COMMUNITIES: PRIVATE PRACTICE
For the Client: Should the Engineer Be Listed as an Additional Insured?
BY NAHOM A. GEBRE, ESQ., P.E.
Because construction operations are inherently risky, most owners understand that a key function of the contract for construction is clear and effective risk allocation. The contract typically requires the contractor to indemnify the owner and the owner's engineer for claims caused by the contractor's negligence. In addition, the contract usually requires that the owner and the engineer be listed as additional named insureds under the contractor's commercial general liability insurance policy (see 6.03 C 7 and 6.03 F, EJCDC C-700, Standard General Conditions of the Construction Contract, 2012 Edition). Most contractors understand and accept the fact that both the owner and the engineer are exposed to claims arising from the contractor's operations—particularly claims involving job site injuries. However, some contractors resist including the engineer as an additional named insured. So, is it in the owner's interest to insist on the engineer's inclusion?
Contractors who resist giving the engineer status as a named additional insured generally raise one or more of the following arguments:
- Coverage is too expensive;
- Coverage is not available;
- It would make the contractor responsible for the engineer's negligence; or
- It is unnecessary.
But these arguments aren't really valid. First, this coverage is generally affordable and available. Second, while the coverage is narrow, it offers an important layer of protection for both the engineer and the owner without making the contractor responsible for the engineer's professional liabilities.
Most contractors' commercial general liability policies recognize the need to honor requests for additional-insured status if it is required by contract. Several standard endorsements issued by the Insurance Services Office Inc. (ISO), a publisher of standardized insurance policy language, cover additional insureds on commercial liability policies. Two of these, CG 2007 and CG 2032, are specifically intended to apply to engineers and other design professionals. The first of these covers entities directly engaged by the contractor. The second applies to engineers whose contract is solely with the owner or other entity. Otherwise, the two endorsements are essentially the same.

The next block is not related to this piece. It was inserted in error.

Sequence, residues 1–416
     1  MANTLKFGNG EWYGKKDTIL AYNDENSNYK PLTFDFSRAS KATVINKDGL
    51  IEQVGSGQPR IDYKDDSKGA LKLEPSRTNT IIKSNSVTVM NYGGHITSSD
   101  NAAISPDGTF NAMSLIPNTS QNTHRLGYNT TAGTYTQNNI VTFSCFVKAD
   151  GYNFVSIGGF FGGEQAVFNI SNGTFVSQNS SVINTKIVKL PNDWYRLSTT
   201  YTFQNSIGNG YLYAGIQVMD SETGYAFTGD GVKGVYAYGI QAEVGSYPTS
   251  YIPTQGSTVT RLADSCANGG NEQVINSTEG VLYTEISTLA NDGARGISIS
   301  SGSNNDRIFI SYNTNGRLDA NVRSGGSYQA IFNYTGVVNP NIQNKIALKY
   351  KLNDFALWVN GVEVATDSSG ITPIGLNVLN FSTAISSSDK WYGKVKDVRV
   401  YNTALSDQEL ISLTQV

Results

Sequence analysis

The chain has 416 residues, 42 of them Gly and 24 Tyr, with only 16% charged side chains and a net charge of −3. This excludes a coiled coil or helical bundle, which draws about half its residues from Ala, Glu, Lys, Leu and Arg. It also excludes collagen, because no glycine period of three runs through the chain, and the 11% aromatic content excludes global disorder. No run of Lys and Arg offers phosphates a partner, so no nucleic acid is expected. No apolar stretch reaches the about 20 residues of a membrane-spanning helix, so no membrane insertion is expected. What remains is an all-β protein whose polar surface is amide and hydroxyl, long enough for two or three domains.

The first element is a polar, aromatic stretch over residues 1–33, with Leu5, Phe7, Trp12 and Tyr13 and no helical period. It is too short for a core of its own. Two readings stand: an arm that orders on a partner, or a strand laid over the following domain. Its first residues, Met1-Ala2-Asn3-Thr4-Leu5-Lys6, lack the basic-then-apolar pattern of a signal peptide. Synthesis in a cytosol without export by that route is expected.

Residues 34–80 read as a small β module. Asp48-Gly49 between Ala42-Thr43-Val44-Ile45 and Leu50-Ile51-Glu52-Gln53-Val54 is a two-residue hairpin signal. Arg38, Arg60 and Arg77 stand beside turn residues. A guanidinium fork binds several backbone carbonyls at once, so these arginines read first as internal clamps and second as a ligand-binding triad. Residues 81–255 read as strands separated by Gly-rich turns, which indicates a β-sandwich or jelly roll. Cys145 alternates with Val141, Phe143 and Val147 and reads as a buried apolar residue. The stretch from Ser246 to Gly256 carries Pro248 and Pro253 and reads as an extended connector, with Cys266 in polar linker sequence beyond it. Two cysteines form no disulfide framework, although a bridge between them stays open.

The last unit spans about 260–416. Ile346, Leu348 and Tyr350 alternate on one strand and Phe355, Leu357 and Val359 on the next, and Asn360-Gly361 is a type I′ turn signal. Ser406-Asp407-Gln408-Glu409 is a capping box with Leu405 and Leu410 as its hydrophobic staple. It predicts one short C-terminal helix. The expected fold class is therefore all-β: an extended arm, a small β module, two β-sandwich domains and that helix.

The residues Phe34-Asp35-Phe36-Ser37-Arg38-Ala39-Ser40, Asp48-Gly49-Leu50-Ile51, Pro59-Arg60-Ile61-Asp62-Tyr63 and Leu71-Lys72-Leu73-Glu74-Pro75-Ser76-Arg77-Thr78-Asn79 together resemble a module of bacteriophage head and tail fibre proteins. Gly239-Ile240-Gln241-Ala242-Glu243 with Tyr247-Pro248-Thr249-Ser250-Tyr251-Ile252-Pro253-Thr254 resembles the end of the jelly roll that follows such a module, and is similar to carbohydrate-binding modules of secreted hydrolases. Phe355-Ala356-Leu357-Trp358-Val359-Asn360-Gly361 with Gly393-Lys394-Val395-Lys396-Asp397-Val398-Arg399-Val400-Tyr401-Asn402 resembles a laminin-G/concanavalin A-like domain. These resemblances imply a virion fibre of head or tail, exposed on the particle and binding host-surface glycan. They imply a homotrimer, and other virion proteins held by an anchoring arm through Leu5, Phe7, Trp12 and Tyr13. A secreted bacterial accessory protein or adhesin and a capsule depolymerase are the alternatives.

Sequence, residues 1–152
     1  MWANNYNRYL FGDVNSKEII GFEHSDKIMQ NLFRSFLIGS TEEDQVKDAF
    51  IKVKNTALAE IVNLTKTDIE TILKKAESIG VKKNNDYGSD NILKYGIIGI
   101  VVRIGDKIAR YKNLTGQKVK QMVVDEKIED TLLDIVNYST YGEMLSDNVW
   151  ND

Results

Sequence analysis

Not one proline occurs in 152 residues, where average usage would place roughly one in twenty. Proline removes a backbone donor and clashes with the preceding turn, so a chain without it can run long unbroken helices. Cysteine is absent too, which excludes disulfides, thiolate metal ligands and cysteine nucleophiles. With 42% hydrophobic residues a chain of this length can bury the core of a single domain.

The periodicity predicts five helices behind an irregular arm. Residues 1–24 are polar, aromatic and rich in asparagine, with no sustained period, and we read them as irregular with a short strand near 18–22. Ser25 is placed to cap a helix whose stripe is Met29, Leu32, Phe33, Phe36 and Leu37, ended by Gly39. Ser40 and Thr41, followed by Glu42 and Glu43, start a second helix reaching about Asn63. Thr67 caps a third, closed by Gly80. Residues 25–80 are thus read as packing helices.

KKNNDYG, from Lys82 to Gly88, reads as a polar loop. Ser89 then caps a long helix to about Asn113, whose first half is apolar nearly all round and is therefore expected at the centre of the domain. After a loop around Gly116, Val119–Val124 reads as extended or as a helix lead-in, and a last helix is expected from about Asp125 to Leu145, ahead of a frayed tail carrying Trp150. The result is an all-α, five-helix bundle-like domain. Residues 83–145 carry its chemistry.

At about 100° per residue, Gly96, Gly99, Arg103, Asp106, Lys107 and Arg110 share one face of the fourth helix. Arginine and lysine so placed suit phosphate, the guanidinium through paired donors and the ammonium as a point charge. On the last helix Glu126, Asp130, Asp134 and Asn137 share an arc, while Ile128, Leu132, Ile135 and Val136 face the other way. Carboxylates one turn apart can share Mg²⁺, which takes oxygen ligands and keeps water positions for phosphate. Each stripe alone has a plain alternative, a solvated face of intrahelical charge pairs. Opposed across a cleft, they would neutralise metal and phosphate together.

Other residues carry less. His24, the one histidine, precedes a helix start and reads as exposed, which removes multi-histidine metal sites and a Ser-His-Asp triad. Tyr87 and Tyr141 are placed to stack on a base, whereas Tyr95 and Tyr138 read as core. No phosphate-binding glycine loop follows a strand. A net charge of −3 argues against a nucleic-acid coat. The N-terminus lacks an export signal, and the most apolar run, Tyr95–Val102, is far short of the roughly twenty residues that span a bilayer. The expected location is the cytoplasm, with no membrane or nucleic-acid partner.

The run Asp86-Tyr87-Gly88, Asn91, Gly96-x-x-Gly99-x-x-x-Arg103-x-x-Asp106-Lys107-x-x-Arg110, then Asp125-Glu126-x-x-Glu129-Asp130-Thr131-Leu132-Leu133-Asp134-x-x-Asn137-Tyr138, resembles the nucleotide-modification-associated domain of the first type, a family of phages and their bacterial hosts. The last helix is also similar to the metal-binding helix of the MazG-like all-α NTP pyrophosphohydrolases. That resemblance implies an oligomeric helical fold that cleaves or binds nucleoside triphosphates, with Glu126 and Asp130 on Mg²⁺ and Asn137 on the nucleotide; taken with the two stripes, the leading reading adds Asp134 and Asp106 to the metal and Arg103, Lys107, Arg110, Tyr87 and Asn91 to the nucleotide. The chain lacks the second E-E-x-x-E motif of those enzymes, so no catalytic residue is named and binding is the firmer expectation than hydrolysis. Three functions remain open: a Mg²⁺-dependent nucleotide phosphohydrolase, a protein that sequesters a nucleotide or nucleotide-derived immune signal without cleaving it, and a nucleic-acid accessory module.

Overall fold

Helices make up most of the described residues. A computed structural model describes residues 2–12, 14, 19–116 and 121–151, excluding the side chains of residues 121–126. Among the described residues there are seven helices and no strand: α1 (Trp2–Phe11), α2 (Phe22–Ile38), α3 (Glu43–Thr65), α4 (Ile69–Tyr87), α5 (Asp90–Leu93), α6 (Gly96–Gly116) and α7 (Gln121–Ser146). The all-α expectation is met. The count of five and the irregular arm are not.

Both are blanket endorsements; that is, they do not mention a specific person but instead apply to any engineer or other design professional with which the contractor has a working relationship. They provide coverage that is limited to liability in connection with the named insured's operations. Liability is further limited to ongoing operations, specifically excluding completed operations. The general liability policy also excludes coverage for the sole negligence on the part of the additional insured. These endorsements also exclude liability for professional services; coverage for professional services is provided under the engineer's own professional liability policy.
Rights of an Additional Insured
So why is additional-insured status necessary? After all, the contractor, not the engineer, is responsible for claims and liability arising from the contractor's operations. And the engineer is protected by the indemnity provision in his contract, right?
While it is true that the indemnity provision protects the engineer, additional-insured status provides a backup layer of protection in the event that the indemnity provision is declared invalid or cannot be enforced because of the contractor's financial insolvency. Additional-insured status is independent of any other contract provision, including indemnification. Even though the engineer may not be found liable for claims involving job site injuries, considerable time and money can be expended to defend against such claims, particularly in cases where the engineer is perceived as the "deep pocket" due to statutory limitations on workers' compensation awards.
As an additional insured, the engineer has all the protections afforded the contractor under the policy. Also, the engineer avoids the threat of subrogation by the insurance carrier, which cannot subrogate against an insured. Most importantly, the engineer gains the right to be defended by the carrier. This is also important for the owner because it avoids unnecessarily eroding the limits of coverage available under the engineer's professional liability insurance policy and preserves those limits for the very purpose that the owner required this coverage—to protect the owner from losses due to the engineer's professional negligence.
Be Clear Up Front
The best way to avoid arguments and confusion over the necessity of according the owner and the engineer additional insured status is to include ISO-specific endorsement requirements in the bidding documents. Then the contractor will know from the beginning what is required to satisfy the contract's additional-insured requirements.
Nahom A. Gebre, Esq., P.E., is a risk management attorney for Victor O. Schinnerer & Co. Inc. CNA/Schinnerer's professional liability insurance program has been commended by NSPE since 1957.